At Native Forest Nursery we grow bare root seedlings and #3 container trees. Our container trees are grown in a #3 air pruned pot. This root making container eliminates nearly all potential for root wrapping. This allows for an excellent root structure and delivers an extremely healthy tree. The bare root seedlings at our nursery are grown in a sandy loam soil with high organic matter content, which provides an extremely healthy environment for our seedlings. Our bare root liners and seedlings are hand lifted, packaged, and kept in cold storage until you are ready to plant. Conservation uses for our products include reclamation, mitigation, reforestation, restoration, wildlife habitat improvement and wetland uses. Horticultural uses for our products include field liners, container liners, landscape plantings, budding stock, grafting stock and ornamental uses.
|Latin Name:||Quercus prinus|
|Bloom Time:||April to May|
|Shape:||Irregular to round|
|Bark:||Dark brown to black and coarsely furrowed|
|Zone:||Zone 4 to Zone 8|
|Size:||50 to 70 feet|
|Spread:||50 to 70 feet|
|Care:||Medium to dry, well drained soil|
Native to the eastern United States, Quercus Prinus—commonly known as the Chestnut Oak—is one of the most significant ridgetop trees in its inherent region. This species is widespread from Maine to Mississippi, and can be found as far northwest as Michigan. Due to its frequent occurrence in rocky environments and hilly outcrops, the Chestnut Oak also goes by the epithet “Rock Oak”.
The Chestnut Oak is nothing if not resilient. With a 4-8 hardiness zone rating, it is irrepressible and adaptable to difficult conditions, in part due to a very strong and well-developed taproot. This specimen is easily identified by its bark: intensely ridged with a big blocky pattern, colored brownish-black with occasional silvery undertones, and wrapping the thickest trunk of all the nation’s eastern oak varieties. This species’ foliage strongly resembles that of the Chinkapin Oak; the Chestnut Oak’s leaves are similarly dark green, long, and broad with shallow rounded lobes. The canopy culminates in an irregular or rounded peak, and its leaves lighten to buttery yellow and coffee-toned hues in the autumn. Like most other members of the Fagaceae family, the Chestnut Oak’s yellowish-green catkins appear from April to May, later giving way to the tree’s annual production of large, lightly fringed, brownish-tan nuts.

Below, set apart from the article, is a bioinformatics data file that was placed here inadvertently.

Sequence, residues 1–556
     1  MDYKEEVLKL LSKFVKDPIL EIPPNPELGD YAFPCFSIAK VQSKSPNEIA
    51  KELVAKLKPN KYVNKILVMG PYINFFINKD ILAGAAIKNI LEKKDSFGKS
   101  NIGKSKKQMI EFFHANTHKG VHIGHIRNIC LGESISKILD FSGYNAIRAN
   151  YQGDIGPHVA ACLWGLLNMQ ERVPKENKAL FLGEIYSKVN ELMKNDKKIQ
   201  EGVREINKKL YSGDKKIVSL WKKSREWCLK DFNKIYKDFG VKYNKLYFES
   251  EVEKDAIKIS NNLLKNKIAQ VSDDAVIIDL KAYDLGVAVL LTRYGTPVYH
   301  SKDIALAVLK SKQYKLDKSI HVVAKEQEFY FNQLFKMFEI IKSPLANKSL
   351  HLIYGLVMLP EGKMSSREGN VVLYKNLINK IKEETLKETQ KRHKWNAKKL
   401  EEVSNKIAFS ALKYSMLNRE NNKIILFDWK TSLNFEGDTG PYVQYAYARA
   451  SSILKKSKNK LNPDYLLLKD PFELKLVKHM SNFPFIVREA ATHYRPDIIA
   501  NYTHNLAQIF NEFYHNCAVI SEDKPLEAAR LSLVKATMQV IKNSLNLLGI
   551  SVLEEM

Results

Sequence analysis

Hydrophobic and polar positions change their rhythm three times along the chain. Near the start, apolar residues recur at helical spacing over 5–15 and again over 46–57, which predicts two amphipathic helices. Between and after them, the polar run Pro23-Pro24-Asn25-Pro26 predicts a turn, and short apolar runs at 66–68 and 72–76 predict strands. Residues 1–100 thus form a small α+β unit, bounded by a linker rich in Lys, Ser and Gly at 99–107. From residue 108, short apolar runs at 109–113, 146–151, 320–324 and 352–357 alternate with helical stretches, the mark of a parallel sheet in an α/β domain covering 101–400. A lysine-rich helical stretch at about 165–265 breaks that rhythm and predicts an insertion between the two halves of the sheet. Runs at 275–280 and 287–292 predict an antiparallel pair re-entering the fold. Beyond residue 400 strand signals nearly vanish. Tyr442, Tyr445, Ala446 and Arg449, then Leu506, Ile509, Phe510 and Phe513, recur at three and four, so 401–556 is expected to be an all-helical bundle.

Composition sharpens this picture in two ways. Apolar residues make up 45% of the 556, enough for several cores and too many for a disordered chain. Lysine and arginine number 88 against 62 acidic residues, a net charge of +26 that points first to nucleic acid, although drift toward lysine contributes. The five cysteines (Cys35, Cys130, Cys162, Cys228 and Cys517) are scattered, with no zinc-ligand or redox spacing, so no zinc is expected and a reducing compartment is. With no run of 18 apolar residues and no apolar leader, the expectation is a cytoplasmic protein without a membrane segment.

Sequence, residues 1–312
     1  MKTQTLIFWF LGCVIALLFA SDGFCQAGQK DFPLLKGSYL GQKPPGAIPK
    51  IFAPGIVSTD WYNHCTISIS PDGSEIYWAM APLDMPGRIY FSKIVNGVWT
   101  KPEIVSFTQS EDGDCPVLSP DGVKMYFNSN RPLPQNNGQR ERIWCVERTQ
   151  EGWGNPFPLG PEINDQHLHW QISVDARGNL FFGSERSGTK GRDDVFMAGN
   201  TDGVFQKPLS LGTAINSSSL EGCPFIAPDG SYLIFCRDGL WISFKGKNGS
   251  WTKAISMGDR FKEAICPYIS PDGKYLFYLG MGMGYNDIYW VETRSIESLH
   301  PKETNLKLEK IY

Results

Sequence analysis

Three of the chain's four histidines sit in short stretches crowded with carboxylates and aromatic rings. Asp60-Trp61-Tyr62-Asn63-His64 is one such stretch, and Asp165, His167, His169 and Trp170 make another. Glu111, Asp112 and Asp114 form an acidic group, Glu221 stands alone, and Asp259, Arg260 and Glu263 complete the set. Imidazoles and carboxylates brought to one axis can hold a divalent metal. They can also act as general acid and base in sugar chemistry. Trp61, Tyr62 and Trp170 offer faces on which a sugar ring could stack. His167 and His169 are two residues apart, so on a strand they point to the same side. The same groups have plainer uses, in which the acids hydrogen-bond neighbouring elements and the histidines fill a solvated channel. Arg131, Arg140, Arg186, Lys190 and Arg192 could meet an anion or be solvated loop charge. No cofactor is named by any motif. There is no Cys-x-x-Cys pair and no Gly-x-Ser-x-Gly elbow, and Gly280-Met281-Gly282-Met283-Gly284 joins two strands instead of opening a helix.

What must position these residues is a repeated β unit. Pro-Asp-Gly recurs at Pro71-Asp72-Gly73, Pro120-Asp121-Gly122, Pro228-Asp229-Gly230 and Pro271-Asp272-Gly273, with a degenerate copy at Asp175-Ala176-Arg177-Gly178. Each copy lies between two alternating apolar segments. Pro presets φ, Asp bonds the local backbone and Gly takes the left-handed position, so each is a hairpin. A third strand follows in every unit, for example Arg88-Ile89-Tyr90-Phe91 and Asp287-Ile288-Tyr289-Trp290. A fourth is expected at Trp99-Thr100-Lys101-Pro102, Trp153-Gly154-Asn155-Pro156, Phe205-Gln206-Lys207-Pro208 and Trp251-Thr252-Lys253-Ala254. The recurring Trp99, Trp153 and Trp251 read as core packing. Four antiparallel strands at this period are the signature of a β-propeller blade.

Imperial and hardy, the Chestnut Oak is prized as an enduring shade tree and an attractive ornamental specimen. To reach its optimal growth and wellbeing, this tree is best cultivated in environments that enable access to full sun and contain medium to dry, well-drained soils. It is not typically considered among the tallest oak varieties, since it grows to a height of approximately 50-70 ft. with a respective spread, but any growth stunt is typically attributed to the buffeting winds and the dry conditions of the montane grounds which this species favors. Given the most optimal conditions, however, the Chestnut Oak can in fact match the heights of its taller oak counterparts; the current national champion can be found in Tennessee’s Great Smoky Mountains National Park, rearing up to a tremendous height of 144 ft.